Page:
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Issue 5, 2011
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Microfluidic devices as tools for mimicking the in vivo environment

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Abstract

One of the major branches of microfluidic development is cell engineering. A number of devices for cell cultivation, lysis, single-cell analysis and cell-based toxicity tests have been reported in the literature. The variety of structures that can be created leads to devices more closely mimicking the in vivo environment than classic cell cultures. Studies on this topic will have an effect on the evaluation of methods that can replace animals in biomedical research. The aim of this review is to present latest advancements of “lab-on-a-chip” for cell cultivation and engineering. The authors focus on the achievements leading to in vivo-like methods. The materials and fabrication methods in silicon, glass, PDMS and other polymers were briefly characterized. Microfluidic devices were applied for mimicking the in vivo environment at various levels of mammalian body organization—from the surroundings of single cells to interactions between functional organs. Solutions for “human-on-a-chip”, perfusion cell cultures, extracellular matrix analogues, microscaffolds, spheroid formation and co-cultures were reviewed in this paper. The presented solutions have the potential to become new cellular models for toxicology, drug development and biomedical research.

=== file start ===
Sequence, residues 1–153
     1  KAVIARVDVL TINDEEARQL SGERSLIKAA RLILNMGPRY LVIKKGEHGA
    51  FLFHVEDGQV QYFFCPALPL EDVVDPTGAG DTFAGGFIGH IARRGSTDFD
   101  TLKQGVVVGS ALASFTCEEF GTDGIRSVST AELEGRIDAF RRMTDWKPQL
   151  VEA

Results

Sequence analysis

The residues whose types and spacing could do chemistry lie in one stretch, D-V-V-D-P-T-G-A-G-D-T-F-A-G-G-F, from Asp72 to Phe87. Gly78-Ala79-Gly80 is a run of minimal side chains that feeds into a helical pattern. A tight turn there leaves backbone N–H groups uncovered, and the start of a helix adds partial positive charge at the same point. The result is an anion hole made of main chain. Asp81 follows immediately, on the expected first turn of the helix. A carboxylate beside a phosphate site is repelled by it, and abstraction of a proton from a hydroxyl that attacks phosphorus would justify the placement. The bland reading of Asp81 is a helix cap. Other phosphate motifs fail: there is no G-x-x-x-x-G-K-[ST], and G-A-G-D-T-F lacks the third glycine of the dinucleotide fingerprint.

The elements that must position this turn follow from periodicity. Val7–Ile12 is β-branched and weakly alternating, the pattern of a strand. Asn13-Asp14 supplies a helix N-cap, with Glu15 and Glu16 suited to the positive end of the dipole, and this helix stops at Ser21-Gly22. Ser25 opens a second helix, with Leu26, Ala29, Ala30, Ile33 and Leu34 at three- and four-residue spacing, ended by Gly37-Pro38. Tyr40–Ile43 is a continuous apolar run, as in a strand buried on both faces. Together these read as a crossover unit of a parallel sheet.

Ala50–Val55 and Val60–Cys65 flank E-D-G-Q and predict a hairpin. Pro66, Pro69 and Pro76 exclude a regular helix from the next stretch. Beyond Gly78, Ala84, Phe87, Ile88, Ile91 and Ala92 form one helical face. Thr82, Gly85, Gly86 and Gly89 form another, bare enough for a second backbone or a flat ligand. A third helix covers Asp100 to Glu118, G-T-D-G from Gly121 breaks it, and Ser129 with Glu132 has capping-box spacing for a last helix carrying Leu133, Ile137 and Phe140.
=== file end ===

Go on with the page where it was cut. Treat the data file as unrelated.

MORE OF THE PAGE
Graphical abstract: Microfluidic devices as tools for mimicking the in vivo environment

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Publication details

The article was received on 16 Sep 2010, accepted on 11 Jan 2011 and first published on 25 Feb 2011


Article type: Perspective
DOI: 10.1039/C0NJ00709A
New J. Chem., 2011,35, 979-990

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    Microfluidic devices as tools for mimicking the in vivo environment

    K. Ziółkowska, R. Kwapiszewski and Z. Brzózka, New J. Chem., 2011, 35, 979
    DOI: 10.1039/C0NJ00709A

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